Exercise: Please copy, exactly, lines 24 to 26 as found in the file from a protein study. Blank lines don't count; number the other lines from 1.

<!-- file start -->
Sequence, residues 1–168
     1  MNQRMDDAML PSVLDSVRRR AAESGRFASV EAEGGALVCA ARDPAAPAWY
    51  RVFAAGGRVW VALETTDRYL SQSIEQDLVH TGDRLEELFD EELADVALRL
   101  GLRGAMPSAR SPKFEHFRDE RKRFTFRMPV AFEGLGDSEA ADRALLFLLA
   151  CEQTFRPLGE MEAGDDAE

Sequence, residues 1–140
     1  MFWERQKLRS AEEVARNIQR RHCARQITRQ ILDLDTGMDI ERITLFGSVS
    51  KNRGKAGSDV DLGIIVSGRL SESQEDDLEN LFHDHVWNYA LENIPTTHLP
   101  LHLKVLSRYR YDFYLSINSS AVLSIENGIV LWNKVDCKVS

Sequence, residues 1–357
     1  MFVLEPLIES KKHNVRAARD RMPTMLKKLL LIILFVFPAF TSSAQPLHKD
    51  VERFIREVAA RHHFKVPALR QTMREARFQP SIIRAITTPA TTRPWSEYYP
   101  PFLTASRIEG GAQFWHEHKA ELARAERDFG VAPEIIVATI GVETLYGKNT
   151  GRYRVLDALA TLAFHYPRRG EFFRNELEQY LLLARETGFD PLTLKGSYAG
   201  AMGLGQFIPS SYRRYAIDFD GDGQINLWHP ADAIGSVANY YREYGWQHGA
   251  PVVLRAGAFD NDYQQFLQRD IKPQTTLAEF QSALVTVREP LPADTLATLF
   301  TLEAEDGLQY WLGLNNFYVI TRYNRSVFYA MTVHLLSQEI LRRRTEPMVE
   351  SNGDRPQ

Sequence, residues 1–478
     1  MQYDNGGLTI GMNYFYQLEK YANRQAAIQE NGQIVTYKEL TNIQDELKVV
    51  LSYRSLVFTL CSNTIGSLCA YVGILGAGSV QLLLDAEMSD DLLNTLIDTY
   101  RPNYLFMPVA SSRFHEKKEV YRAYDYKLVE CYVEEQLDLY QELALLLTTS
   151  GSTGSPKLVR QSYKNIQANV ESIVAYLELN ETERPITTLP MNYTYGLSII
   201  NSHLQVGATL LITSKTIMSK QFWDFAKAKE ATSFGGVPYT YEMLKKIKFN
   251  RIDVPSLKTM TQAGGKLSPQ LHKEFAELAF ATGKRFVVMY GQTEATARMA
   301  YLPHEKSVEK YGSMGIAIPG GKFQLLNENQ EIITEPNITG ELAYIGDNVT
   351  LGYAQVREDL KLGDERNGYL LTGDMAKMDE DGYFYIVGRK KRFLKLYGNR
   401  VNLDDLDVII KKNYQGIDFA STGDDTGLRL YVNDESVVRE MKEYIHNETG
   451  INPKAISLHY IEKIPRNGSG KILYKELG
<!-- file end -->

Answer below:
   201  NSHLQVGATL LITSKTIMSK QFWDFAKAKE ATSFGGVPYT YEMLKKIKFN
   251  RIDVPSLKTM TQAGGKLSPQ LHKEFAELAF ATGKRFVVMY GQTEATARMA
   301  YLPHEKSVEK YGSMGIAIPG GKFQLLNENQ EIITEPNITG ELAYIGDNVT